Federal investigators said they had netted one of the largest drug smuggling and distribution operations in America, and an up-and-coming racer in Florida was somehow at the heart of it all.
The drug operation Lanier was charged in, prosecutors alleged, was hardly a trivial one where a small amount of foreign-sourced pot was sold to teenagers and casual smokers. It involved more than 150 people, money laundered through international banks, and distributing huge quantities of pot across the U.S. after it had been shipped from South America.
FBI officials at the time said the group had access to tugboats and barges, which were loaded up with marijuana and then secretly sailed to the U.S. (It’s not clear how the pot-laden boats escaped Customs investigations.) The boats entered ports in New York, New Orleans and San Francisco.
From there, the marijuana was transferred in giant bales to trucks that took them to storage warehouses across the country. It was then sold in several states including Kentucky, Pennsylvania, Florida, California, West Virginia and Louisiana.
In total, Lanier and others were charged with brining some 600,000 pounds of marijuana into the country.
The drugs were only one component of the government’s case; the money laundering was the other. Prosecutors said the ring set up numerous fictitious corporations for the purpose of laundering money in foreign banks. (One of them, a DEA agent told the Miami Herald in 1986, was called G. Reedy Holding Co., which stood for “greedy.)
DEA officials said the group laundered the drug money through banks in England, Panama, Hong Kong, the British Virgin Islands and other places, which got Scotland Yard involved in the investigation as well.
Lanier was charged by a federal court in Southern Illinois because the investigation into the syndicate “mushroomed” after a State Trooper there stumbled onto a broken-down truck delivering a small amount of marijuana. From there, authorities unraveled the entire organization.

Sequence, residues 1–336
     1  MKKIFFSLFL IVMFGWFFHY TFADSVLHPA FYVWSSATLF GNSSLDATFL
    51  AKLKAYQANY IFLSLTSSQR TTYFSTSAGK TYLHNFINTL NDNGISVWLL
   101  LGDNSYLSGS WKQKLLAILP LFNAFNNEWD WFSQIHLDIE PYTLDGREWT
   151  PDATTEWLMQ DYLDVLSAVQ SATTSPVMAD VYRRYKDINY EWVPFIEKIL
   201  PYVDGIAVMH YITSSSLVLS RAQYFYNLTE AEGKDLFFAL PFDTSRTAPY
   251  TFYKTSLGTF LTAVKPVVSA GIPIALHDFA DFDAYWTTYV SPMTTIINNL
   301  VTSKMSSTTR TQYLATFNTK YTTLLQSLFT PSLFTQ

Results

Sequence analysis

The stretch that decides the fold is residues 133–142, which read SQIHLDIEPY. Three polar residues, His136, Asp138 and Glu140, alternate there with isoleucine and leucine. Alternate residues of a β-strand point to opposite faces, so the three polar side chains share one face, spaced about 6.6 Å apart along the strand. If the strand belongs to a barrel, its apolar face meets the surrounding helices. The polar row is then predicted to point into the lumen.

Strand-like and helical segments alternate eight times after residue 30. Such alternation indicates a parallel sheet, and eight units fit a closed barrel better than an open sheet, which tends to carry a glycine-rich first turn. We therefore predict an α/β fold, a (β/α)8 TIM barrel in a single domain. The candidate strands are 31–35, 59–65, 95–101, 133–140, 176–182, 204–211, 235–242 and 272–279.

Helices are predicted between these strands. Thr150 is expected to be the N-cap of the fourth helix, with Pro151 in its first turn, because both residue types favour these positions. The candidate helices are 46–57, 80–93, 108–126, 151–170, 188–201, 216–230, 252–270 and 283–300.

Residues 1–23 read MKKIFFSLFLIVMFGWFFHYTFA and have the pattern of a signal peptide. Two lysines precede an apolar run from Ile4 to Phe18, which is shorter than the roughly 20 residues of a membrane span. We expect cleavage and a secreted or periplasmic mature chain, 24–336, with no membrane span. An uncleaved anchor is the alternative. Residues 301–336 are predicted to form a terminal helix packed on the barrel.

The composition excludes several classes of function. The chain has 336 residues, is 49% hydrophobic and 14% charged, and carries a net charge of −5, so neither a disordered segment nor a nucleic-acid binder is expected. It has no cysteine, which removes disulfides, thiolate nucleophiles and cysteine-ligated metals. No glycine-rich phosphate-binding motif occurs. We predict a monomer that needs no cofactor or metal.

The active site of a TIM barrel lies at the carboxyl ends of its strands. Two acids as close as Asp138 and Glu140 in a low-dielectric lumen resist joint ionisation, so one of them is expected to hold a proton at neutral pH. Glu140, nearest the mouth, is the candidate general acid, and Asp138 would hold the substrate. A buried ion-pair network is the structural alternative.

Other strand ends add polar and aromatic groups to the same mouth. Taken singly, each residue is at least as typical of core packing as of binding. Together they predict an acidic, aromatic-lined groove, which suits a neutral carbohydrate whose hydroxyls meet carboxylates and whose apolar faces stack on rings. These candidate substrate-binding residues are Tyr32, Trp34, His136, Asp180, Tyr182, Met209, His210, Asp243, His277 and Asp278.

When that second indictment came down, Lanier faced a minimum of 10 years in prison and a maximum of life in prison, had he showed up in court to answer the charges. He didn’t, instead leaving his two young children behind to escape the law.
“I did probably the worst thing I could have done — I fled the country,” Lanier said.
Despite being on the run in Europe and the Caribbean, Lanier said he never gave up his dream of racing. As unrealistic as it sounds now, he hoped to go to New Zealand and race down there.
“That wasn’t reality,” he now admits. He treated the potential that he would be caught and extradited like a racer would, putting it out of his mind.
“You don’t think about hitting a wall at 200 miles an hour,” he said. “You say, ‘It’s not going to happen to me.’”
Meanwhile, racing began to feel the sting from the indictments of Lanier, the Whittingtons, and other drivers involved in drug smuggling like John Paul Sr. and Jr. Drug testing became mandatory before the Indianapolis 500, and drivers from both CART and NASCAR got involved in various “Say No to Drugs” youth campaigns. For a while, IMSA was even derided as the “International Marijuana Smugglers Association.”